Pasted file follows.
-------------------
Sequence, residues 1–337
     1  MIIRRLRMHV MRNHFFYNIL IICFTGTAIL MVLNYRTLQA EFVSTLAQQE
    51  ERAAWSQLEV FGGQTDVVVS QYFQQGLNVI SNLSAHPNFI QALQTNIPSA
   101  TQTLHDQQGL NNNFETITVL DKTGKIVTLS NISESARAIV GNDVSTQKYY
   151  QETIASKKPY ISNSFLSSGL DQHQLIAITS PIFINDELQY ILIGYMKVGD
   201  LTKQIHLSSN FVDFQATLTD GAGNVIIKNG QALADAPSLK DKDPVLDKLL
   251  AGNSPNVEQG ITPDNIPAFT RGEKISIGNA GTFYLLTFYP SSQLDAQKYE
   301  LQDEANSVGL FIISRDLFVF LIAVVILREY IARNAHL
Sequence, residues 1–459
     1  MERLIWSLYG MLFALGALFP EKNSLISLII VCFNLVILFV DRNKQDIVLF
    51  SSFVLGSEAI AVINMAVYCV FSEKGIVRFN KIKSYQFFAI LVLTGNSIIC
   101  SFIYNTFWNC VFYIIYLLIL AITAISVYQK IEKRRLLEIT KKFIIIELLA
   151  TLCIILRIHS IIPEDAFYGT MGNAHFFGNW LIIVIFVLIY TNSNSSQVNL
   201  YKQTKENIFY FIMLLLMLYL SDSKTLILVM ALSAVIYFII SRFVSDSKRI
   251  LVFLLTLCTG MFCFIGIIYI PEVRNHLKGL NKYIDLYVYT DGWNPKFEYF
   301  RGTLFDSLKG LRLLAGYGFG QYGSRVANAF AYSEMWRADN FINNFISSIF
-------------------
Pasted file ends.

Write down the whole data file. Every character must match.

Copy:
Sequence, residues 1–337
     1  MIIRRLRMHV MRNHFFYNIL IICFTGTAIL MVLNYRTLQA EFVSTLAQQE
    51  ERAAWSQLEV FGGQTDVVVS QYFQQGLNVI SNLSAHPNFI QALQTNIPSA
   101  TQTLHDQQGL NNNFETITVL DKTGKIVTLS NISESARAIV GNDVSTQKYY
   151  QETIASKKPY ISNSFLSSGL DQHQLIAITS PIFINDELQY ILIGYMKVGD
   201  LTKQIHLSSN FVDFQATLTD GAGNVIIKNG QALADAPSLK DKDPVLDKLL
   251  AGNSPNVEQG ITPDNIPAFT RGEKISIGNA GTFYLLTFYP SSQLDAQKYE
   301  LQDEANSVGL FIISRDLFVF LIAVVILREY IARNAHL
Sequence, residues 1–459
     1  MERLIWSLYG MLFALGALFP EKNSLISLII VCFNLVILFV DRNKQDIVLF
    51  SSFVLGSEAI AVINMAVYCV FSEKGIVRFN KIKSYQFFAI LVLTGNSIIC
   101  SFIYNTFWNC VFYIIYLLIL AITAISVYQK IEKRRLLEIT KKFIIIELLA
   151  TLCIILRIHS IIPEDAFYGT MGNAHFFGNW LIIVIFVLIY TNSNSSQVNL
   201  YKQTKENIFY FIMLLLMLYL SDSKTLILVM ALSAVIYFII SRFVSDSKRI
   251  LVFLLTLCTG MFCFIGIIYI PEVRNHLKGL NKYIDLYVYT DGWNPKFEYF
   301  RGTLFDSLKG LRLLAGYGFG QYGSRVANAF AYSEMWRADN FINNFISSIF